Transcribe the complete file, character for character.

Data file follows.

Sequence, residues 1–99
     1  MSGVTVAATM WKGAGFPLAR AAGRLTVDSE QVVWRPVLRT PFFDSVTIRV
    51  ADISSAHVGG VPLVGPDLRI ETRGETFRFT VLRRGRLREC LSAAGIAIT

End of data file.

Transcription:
Sequence, residues 1–99
     1  MSGVTVAATM WKGAGFPLAR AAGRLTVDSE QVVWRPVLRT PFFDSVTIRV
    51  ADISSAHVGG VPLVGPDLRI ETRGETFRFT VLRRGRLREC LSAAGIAIT